House & Home

Vertical Gardens Offer Form and Function

Spring is a great time to plant you outdoor garden, but did your know that you can grow a garden inside your home as well?

It’s all the rage today and indoor gardens save on space, occupy an otherwise empty wall and can even anchor a room. Known as the “vertical garden,” products like Woolly Pocket make it possible. Woolly Pockets are comprised of several small felt-like pouches with waterproof linings. Since they’re modular, you can create any size wall art you like. You simply put a plant in each pocket and watch it grow. As it matures, it becomes a living picture.

The idea of growing an indoor wall garden came to brothers Miguel and Rodney Nelson. In 2008, the desire for a consumer-friendly vertical garden inspired the brothers to create this product made from recycled plastic bottles. They have turned the garden world “downside up.” Before this product was introduced to the consumer, it was only considered in commercial architecture. Today, anyone can have a green wall system in his or her home, in almost any room. Given the therapeutic nature of the color green, it’s a wonder everyone hasn’t done it yet—the cost begins around $100.

There are other systems, as well, such as the Grovert. It comes in two sizes, offering you a framed work of art with a built-in irrigation system. Grovert is very easy to mount and care for. The small unit has 10 cells that are 4” deep, compared to the larger unit, which has 45 cells, which are 2.5” deep. These walls of garden can be used outside as well as inside. The beauty of them is you can enjoy the inside system year round.

Using the right plants makes all the difference. It’s suggested you use the highest quality indoor potting soil to start. Although tropical plants work well, Woolly Pockets manufacturers suggest at least two varieties from the following catagories: “spill,” “thrill” and “fill.” The spill plant drapes down the pocket adding a frame while the thrill plant creates visual composition. The fill plant is a filler to complement the other plants. If you want a lush, full look go with a Begonia mix alongside Codiaeum. The choices are endless. Make sure you choose a theme. Go with colors that complement the room you are decorating.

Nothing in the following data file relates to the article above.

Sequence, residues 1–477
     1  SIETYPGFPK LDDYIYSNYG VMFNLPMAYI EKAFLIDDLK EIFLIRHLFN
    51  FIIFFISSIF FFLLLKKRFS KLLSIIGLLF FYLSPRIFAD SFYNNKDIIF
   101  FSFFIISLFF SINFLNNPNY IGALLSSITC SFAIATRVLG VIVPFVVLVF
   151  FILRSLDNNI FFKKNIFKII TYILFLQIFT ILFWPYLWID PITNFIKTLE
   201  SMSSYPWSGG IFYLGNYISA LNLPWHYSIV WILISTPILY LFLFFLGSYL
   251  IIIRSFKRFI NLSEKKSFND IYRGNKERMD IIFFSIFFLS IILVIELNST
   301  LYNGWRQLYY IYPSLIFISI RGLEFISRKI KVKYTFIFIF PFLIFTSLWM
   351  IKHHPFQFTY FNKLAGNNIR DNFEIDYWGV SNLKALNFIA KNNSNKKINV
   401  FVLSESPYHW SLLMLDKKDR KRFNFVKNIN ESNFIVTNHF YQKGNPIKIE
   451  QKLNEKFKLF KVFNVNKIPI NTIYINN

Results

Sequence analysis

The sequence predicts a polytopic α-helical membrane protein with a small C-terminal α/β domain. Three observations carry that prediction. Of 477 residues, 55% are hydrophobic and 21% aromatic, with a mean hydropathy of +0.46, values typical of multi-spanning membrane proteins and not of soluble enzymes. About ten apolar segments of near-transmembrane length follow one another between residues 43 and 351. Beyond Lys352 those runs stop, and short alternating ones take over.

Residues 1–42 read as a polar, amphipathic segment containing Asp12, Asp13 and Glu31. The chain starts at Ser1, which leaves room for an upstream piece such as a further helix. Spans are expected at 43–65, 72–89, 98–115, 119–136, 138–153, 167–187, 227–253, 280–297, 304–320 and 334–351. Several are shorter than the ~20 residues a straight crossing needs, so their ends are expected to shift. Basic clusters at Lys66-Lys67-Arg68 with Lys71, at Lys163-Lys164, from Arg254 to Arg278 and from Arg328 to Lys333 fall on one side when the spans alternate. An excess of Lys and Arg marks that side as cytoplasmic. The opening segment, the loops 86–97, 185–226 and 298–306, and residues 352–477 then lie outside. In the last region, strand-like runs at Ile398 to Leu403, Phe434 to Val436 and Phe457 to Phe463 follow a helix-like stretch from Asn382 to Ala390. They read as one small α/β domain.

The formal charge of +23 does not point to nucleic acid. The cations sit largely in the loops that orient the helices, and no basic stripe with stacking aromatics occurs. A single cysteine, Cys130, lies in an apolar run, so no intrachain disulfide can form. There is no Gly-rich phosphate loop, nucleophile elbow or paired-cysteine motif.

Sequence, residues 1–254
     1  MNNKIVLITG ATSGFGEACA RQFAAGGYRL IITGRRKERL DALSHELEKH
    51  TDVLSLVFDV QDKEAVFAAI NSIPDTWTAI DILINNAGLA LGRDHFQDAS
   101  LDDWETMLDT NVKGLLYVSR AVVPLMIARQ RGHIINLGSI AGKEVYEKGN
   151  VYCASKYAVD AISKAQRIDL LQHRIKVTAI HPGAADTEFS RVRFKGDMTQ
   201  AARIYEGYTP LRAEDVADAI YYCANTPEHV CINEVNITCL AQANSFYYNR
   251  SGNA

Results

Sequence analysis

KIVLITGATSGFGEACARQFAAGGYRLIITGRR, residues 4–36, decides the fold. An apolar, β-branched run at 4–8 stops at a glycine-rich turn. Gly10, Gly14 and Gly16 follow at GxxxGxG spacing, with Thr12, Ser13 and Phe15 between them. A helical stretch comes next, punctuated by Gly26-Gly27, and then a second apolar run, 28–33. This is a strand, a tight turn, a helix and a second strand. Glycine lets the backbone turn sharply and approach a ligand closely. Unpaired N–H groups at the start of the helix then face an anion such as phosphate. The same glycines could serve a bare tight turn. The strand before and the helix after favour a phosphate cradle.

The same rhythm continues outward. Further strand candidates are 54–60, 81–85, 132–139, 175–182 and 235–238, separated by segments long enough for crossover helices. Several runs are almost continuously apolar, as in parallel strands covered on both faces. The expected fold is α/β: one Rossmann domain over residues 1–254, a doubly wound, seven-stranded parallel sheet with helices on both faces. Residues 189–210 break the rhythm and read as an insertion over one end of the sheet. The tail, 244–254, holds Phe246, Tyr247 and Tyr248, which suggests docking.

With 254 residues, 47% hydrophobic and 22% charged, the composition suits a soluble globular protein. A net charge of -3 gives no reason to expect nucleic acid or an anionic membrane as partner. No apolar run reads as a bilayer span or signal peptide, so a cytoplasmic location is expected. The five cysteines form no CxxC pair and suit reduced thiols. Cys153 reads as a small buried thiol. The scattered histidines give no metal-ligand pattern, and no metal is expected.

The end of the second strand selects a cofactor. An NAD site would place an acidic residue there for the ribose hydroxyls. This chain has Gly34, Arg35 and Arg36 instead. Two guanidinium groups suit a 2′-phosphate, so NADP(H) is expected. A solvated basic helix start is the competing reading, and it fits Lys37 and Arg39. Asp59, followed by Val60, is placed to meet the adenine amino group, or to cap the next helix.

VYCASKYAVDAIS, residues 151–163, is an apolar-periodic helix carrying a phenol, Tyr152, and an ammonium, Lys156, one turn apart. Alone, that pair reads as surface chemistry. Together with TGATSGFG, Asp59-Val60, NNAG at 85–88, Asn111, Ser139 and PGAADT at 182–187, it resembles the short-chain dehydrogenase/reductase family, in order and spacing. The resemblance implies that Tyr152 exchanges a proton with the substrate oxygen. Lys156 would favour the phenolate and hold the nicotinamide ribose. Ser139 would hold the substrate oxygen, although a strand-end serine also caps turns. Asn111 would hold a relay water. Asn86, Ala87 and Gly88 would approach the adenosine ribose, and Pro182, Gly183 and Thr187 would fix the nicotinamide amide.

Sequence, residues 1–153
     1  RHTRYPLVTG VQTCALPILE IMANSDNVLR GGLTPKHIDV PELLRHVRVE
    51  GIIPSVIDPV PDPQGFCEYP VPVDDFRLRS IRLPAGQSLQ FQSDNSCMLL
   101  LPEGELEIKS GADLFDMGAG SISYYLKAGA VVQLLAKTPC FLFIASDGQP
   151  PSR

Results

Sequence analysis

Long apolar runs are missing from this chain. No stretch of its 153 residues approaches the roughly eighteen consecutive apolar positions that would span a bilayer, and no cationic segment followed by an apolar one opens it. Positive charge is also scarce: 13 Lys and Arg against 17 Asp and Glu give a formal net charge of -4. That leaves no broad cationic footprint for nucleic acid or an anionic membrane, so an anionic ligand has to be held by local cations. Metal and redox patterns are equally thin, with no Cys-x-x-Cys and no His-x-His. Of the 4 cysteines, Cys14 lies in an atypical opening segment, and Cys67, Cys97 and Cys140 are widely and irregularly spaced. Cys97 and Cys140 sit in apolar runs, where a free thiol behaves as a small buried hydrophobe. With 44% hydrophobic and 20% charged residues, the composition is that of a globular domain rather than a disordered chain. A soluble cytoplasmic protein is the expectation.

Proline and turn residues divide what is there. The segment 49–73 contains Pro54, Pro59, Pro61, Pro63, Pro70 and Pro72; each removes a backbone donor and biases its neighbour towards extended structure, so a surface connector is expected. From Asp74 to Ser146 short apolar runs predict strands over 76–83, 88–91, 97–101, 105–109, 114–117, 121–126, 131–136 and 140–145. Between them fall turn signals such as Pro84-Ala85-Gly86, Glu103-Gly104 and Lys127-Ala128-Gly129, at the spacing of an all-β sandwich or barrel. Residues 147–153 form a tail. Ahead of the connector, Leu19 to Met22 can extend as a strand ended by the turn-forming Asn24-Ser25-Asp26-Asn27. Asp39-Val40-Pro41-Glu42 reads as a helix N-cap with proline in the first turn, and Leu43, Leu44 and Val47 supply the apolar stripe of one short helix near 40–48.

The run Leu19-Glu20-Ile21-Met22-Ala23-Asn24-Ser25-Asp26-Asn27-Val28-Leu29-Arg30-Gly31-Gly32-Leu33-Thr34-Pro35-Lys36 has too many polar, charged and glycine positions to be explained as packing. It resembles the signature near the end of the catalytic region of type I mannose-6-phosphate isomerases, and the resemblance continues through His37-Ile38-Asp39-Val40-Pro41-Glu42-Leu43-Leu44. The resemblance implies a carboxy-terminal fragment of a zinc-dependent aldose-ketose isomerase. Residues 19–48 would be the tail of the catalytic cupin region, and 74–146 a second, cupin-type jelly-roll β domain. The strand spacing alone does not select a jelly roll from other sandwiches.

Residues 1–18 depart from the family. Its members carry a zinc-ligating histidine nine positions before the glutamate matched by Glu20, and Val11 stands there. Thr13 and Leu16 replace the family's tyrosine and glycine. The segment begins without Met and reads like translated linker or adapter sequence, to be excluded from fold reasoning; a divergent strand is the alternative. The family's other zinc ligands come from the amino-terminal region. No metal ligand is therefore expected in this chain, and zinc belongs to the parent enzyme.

Displaying your wall garden can be lots of fun. Frames come in all styles including wood, copper and chalkboard. You can even create a freestanding garden that can be moved from one room to another. Another vertical garden product, the Urbio, lets you reorganize your garden as it grows with moveable parts and is great for small dwellings such as an apartment.

If you are industrious, you can make a vertical garden system yourself. Just recycle your soda bottles by cutting a rectangle out of one side, add potting soil and a plant, and watch it grow. Succulents make a gorgeous statement when arranged just so. And there are enormous benefits to having a green wall system. They clean interior air space, act as a sound barrier and can grow food as well as decorative plants. They are also believed to help with Attention Deficit Hyperactivity Disorder, Alzheimer’s and to boost morale in the work place.

There are some locations on Long Island that use vertical wall gardens. Longhouse in East Hampton created a Garden Container Exhibit combining art and nature. A private resident in Southampton was inspired to make a Living Mandela Wall and, in Riverhead, the River and Roots Community Garden designed a green wall comprised of vegetables, herbs, annuals, perennials and even included watermelon. The Herricks Community Center Sensory Garden in New Hyde Park created a green wall to produce healing benefits for Alzheimer’s patients. All these gardens were designed and installed by Plant Connection.

So if you are looking to do something healthy—and trendy—go for a green wall system so you can see your favorite plants come to life in your home.

Facebook Comments

Show More

Related Articles

Leave a Reply

Your email address will not be published. Required fields are marked *